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The Weird And Wonderful History Of Sex Toys – From The Stone Age To Modern Day

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Posted on : April 8, 2018

Ah humans, how far we have come! Throughout our history, millennia before the advent of WiFi-connected dildos and smart sex robots, humankind has always been obsessed with sex toys. In fact, you will struggle to find a culture that hasn’t put a lot of love and care into inanimate objects that provide sexual pleasure, even those cultures that like to give the impression of being prudish and coy about sex.

Here are some of the most fascinating, bizarre, and downright terrifying sex toys: 

Stone Age Sex Toys

In a dark and damp cave in Germany, archaeologists found a 28,000-year-old stone object that’s decidedly dildo-like (image below). It’s 20 centimeters (7.8 inches) long, rounded at the end like a penis, and polished to perfection. It’s almost certainly one of the earliest representations of male sexuality, but could it be the world’s first sex toy?

Researchers in southwest France have also discovered a 36,000-year-old bison horn carving called the Blanchard phallus. On the whole, archeologists are pretty hesitant to call prehistoric sex toys as such for fear of applying our own modern sensibilities onto the past. However, one of the researchers wrote in Nature: “The possibility that these could represent ‘girls’ toys’, as one first-year student once hesitantly expressed it, should perhaps not be dismissed.”

Archaeologist Timothy Taylor has further hinted at the idea of Ice Age sex toys, noting: “Looking at the size, shape, and – some cases – explicit symbolism of the ice age batons, it seems disingenuous to avoid the most obvious and straightforward interpretation. But it has been avoided.”

The German 28,000-year-old stone object. J Lipták/University of Tübingen

Horny Ancient Greeks

Ancient Greece wasn’t just about democracy and geometry, it was also a time of dizzying sexual indulgence. Regularly decorated with images of everyday life, painted wine vessels show that the ancient Greeks were using dildos as early as the 6th century BCE.

Dildos are also mentioned several times in the comic story of Lysistrata by Aristophanes. Written in 411 BCE, this comedic tale tells the story of a woman’s desire to end the Peloponnesian War by denying all the men of sex, the only thing they ever actually desired. It reads: “And so, girls, when fucking time comes… not the faintest whiff of it anywhere, right? From the time those Milesians betrayed us, we can’t even find our eight-fingered leather dildos. At least they’d serve as a sort of flesh-replacement for our poor c*nts.”

Steam-Powered Dildo For The Industrial Age

When the Victorians learned how to harness the potential of the engine, they applied it to everything, even sex toys. American physician Dr George Taylor patented a steam-powered dildo back in 1869, effectively consisting of an extremely jumpy steam engine with a phallic object attached. Perhaps not the sexiest of contraptions, but then the device was often used by “medical practitioners” to treat women with hysteria and other pseudoscientific ailments.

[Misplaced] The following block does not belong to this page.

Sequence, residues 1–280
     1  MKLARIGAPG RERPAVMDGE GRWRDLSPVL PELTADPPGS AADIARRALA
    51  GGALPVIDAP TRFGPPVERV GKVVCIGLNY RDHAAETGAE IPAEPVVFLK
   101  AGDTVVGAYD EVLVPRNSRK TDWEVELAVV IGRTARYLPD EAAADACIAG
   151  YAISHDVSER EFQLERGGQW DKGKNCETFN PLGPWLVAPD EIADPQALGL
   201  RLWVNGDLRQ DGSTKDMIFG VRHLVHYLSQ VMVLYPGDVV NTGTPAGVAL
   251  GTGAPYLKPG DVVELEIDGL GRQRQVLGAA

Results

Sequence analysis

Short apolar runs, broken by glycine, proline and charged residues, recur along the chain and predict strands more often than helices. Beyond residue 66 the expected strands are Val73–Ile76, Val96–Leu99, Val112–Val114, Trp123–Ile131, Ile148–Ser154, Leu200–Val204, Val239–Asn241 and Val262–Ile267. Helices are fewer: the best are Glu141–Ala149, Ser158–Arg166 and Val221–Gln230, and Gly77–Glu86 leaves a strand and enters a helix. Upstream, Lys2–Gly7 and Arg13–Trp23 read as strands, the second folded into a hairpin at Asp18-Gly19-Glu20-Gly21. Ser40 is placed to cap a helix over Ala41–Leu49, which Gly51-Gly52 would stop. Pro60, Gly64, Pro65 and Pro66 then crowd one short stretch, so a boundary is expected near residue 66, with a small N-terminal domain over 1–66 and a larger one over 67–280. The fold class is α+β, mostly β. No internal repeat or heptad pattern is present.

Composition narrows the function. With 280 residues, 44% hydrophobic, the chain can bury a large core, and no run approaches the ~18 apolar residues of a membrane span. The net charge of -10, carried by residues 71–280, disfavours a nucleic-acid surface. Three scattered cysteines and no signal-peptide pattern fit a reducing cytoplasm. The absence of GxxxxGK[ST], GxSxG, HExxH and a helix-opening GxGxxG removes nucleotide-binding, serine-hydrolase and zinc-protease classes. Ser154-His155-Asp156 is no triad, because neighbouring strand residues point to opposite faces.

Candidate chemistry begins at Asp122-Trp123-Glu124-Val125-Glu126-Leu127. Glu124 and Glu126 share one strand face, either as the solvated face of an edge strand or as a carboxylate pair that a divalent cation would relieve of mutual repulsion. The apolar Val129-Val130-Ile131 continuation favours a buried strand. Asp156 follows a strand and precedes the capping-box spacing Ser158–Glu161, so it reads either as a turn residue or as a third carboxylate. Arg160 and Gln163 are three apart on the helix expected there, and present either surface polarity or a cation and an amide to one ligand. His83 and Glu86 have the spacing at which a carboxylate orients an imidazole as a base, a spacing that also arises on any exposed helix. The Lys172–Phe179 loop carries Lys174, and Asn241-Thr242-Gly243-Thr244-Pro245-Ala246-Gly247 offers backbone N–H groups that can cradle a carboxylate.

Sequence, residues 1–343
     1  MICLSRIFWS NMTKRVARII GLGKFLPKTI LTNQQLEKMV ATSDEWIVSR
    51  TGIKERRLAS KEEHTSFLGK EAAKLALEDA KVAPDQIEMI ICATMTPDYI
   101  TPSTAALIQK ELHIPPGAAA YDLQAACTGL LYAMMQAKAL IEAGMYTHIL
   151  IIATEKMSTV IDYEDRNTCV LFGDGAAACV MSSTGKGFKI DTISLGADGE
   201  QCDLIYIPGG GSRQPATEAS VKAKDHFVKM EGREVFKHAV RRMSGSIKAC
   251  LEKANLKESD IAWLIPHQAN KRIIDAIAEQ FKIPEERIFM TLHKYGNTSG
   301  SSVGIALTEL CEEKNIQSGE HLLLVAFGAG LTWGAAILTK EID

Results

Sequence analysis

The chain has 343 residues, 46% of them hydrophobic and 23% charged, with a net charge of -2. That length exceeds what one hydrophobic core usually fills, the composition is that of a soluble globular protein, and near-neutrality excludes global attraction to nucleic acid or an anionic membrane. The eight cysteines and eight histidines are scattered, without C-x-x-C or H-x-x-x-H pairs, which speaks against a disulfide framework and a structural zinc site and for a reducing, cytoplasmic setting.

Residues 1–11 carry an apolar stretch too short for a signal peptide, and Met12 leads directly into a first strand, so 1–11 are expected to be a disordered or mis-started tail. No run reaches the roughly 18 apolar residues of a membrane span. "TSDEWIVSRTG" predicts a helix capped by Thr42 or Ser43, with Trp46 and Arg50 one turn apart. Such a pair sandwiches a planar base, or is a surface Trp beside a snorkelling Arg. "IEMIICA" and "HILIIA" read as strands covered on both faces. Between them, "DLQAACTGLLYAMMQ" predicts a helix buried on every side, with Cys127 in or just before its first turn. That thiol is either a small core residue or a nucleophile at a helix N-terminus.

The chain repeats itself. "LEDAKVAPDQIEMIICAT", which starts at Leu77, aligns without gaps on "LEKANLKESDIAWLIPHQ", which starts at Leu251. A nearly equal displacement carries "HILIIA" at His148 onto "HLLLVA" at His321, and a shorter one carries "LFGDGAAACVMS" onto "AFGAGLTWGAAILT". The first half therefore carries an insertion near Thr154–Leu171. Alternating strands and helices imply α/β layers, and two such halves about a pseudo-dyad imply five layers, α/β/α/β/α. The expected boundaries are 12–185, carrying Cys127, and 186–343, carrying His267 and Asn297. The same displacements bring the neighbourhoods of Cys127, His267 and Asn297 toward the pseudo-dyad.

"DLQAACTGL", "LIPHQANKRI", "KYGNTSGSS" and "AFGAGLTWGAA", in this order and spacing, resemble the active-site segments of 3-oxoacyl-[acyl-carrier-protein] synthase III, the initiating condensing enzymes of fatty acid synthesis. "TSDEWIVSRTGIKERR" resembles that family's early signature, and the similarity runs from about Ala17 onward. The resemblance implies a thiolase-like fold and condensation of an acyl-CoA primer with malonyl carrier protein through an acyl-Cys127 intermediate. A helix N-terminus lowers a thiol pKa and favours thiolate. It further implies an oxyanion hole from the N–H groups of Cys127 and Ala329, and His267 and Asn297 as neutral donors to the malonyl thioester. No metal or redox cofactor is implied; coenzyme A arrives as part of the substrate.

Around this time, a whole range of “massaging apparatuses” became available to physicians, including foot-pumped powered dildos and even an electromechanical vibrator. Eventually, sometime around the early 20th century, these devices lost their association with the medical world and made their way into the homes of consumers for more personal affairs.  

Hanky Panky In The Han Dynasty

China’s Han dynasty, around 206 BCE to 220 CE, enjoyed a particularly rich relationship with their sex toys. Tomb excavations revealed that the dynasty’s wealthy elites were particularly into their bespoke bronze dildos and jade butt plugs. The bronze dildo was used similarly to the dildos of today, but the jade butt plug served a much stranger function

Jade was a rare material, revered for its ability to ward off spiritual and bodily decay. Embalmers would use the butt plugs to prevent “the loss of vital essences” from the body.

© Yizheng Museum/Asian Art Museum in San Francisco

Goat Eye Cock Ring

If you wanted to spice things up 800 years ago in China, then your best bet was a goat eyelid cock ring (with the eyelashes still attached for her pleasure). The elastic ring would grip the base of the penis, thereby keeping blood trapped inside the tissue and maintaining an erection.

They are reportedly still popular in certain corners of the world. So if you’re into that kind of stuff, you can still buy them online for the low price of $21, while stocks last.

The Legend Of Cleopatra’s Vibrator

The story goes that Cleopatra, Queen of the Nile, was behind the world’s first vibrator by filling a papyrus box or hollowed out vegetable with angry bees and then capping it.

There’s little evidence to back this up, however. Most references to the bee box trail back to a 1992 book by sexologist Brenda Love, with no indication of the story’s origin. 

Japanese Erotica

Shunga was a genre of sex-obsessed Japanese woodblock prints popular from the 17th century to the 20th century. Hokusai, the artist behind the prolific Great Wave off Kanagawa print, was a proud proprietor of the genre. Frequently bizarre and humorous, they feature pretty much every sexual act you can imagine, from graphic orgies to octopus beastiality.

One scene, featured in the Eiri’s series Models of Calligraphy, shows two naked women applying lubricant to a massive black strap-on dildo, or what they called a harigata. If artwork is anything to go by, harigata were regularly used by couples.

There are also examples of carved ivory or wooden harigata (image below) that slid on top of the penis, effectively giving the impression that the penis is bigger and harder than it actually is.

Wellcome Collection



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